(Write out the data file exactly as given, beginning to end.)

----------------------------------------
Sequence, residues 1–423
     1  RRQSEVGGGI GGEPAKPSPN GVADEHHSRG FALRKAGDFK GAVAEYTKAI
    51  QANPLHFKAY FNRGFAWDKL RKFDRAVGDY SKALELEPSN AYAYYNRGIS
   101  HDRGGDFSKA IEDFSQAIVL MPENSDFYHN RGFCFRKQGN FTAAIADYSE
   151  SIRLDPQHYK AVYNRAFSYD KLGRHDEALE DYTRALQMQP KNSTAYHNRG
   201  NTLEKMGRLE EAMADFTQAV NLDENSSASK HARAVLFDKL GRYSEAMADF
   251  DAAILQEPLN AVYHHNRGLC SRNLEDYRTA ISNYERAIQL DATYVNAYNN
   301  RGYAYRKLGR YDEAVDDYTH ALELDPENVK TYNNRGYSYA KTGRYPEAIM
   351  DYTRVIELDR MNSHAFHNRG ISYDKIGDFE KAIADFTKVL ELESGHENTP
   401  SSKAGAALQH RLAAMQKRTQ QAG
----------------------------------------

Sequence, residues 1–423
     1  RRQSEVGGGI GGEPAKPSPN GVADEHHSRG FALRKAGDFK GAVAEYTKAI
    51  QANPLHFKAY FNRGFAWDKL RKFDRAVGDY SKALELEPSN AYAYYNRGIS
   101  HDRGGDFSKA IEDFSQAIVL MPENSDFYHN RGFCFRKQGN FTAAIADYSE
   151  SIRLDPQHYK AVYNRAFSYD KLGRHDEALE DYTRALQMQP KNSTAYHNRG
   201  NTLEKMGRLE EAMADFTQAV NLDENSSASK HARAVLFDKL GRYSEAMADF
   251  DAAILQEPLN AVYHHNRGLC SRNLEDYRTA ISNYERAIQL DATYVNAYNN
   301  RGYAYRKLGR YDEAVDDYTH ALELDPENVK TYNNRGYSYA KTGRYPEAIM
   351  DYTRVIELDR MNSHAFHNRG ISYDKIGDFE KAIADFTKVL ELESGHENTP
   401  SSKAGAALQH RLAAMQKRTQ QAG